SPH Media circulation saga: 8 key findings and what went wrong
Singapore Press Holdings (SPH) overstated its daily circulation numbers, among other findings, a report by SPH Media’s audit and risk committee showed on Wednesday.
These findings led legal advisers from Allen & Gledhill and the committee to agree that some of the matters could constitute offences, and that a police report ought to be filed.
The names of individuals and companies involved in the findings were redacted in the report.
Here are the key findings by the legal advisers.
Areas where potential offences could have been committed
1. The Newspapers in Education (NIE) Fund and bulk copies
Bulk copies were understood by those interviewed to mean non-subscription-based news publications sold and distributed at a discounted rate or for free in large numbers.
These copies would be bought or sponsored by corporate customers, or paid for out of the NIE Fund at a heavily discounted rate.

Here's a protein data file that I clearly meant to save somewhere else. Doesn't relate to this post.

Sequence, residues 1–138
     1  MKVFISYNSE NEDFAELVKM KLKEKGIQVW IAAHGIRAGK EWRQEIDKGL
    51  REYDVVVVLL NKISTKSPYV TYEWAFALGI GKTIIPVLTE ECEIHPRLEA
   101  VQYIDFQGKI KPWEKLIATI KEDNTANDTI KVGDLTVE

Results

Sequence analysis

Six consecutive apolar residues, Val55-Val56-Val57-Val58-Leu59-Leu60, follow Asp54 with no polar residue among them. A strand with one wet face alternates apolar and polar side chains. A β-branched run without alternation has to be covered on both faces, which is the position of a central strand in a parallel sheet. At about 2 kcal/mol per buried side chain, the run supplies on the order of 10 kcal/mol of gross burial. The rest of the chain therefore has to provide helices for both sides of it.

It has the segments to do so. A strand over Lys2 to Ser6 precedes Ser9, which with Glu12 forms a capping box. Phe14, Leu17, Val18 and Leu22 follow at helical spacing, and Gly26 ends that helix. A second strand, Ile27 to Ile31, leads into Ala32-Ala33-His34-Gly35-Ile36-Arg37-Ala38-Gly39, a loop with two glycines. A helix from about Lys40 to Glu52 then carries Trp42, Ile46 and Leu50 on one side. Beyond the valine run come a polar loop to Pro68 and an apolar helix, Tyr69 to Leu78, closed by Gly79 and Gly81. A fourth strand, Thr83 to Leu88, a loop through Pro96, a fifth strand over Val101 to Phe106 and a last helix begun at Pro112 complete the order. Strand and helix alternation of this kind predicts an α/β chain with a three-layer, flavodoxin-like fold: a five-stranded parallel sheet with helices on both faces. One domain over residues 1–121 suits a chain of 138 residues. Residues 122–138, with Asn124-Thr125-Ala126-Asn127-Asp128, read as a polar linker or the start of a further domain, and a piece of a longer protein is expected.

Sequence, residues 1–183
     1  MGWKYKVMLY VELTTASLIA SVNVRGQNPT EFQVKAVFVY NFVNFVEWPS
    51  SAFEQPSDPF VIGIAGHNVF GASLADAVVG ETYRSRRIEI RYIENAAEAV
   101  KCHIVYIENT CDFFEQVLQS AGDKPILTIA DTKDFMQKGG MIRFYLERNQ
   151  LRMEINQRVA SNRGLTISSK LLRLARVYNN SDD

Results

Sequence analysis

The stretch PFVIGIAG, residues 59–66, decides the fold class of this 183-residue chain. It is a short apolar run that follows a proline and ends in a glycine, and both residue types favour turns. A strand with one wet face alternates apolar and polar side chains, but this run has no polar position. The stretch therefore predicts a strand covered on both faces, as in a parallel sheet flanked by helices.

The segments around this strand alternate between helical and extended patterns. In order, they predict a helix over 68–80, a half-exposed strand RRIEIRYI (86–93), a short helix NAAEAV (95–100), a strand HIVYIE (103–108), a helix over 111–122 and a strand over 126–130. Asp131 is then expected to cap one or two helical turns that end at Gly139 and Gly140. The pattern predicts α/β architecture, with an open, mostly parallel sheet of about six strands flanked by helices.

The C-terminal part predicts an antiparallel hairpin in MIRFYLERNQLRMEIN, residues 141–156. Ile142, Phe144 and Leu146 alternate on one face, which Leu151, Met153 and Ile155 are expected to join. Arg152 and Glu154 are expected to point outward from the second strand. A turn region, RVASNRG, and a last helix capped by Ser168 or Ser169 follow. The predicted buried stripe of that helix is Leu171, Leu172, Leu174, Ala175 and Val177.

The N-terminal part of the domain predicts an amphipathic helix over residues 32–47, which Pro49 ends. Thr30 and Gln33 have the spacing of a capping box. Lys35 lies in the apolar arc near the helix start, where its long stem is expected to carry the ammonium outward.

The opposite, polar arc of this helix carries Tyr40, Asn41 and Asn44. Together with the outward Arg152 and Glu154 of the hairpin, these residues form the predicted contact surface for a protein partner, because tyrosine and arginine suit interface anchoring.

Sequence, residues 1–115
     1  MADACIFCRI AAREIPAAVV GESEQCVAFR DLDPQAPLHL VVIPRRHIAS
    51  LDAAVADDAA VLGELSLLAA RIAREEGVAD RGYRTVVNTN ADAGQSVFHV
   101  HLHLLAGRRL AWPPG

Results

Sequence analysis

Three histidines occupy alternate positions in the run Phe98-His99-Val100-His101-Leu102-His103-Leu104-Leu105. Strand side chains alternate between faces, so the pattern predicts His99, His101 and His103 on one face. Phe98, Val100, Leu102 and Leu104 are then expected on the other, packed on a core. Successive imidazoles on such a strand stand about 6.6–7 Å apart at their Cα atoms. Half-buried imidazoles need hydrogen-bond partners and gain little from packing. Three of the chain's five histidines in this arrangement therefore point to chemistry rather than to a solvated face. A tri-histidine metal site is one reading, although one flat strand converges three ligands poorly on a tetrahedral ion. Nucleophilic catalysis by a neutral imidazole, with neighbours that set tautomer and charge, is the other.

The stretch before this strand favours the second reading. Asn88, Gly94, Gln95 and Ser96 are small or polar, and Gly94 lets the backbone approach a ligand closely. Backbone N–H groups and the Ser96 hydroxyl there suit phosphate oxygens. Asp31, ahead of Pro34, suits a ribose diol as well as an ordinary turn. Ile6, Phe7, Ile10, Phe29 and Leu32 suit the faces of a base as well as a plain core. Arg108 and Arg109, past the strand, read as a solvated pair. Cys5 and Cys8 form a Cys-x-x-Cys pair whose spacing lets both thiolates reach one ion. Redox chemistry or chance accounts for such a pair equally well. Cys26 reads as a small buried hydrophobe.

While the details of who and when the fund was set up could not be confirmed, it dated back to as early as 2000.
It was set up to pay for the distribution of bulk copies to students, needy families, halfway houses and charities to increase SPH publications’ readership.
This practice was common knowledge. Management reports by the circulation division that were presented to the chief executive and board referred to “bulk” and “booster” copies. Booster copies were understood to be used to increase circulation numbers.
Revenue into the fund came from packages sold under an education deal, a third-party contract, the sale of PSLE Oral Guidebooks, journalism workshops conducted for schools, editorial write-ups and roadshows or promotional events for smaller advertisers.
Some clients were not aware that the money they paid to SPH would be used to buy bulk copies.
The bulk copies shored up circulation numbers in SPH’s annual reports, cushioned the fall in print circulation numbers, and allowed the circulation division to meet key performance indicator targets.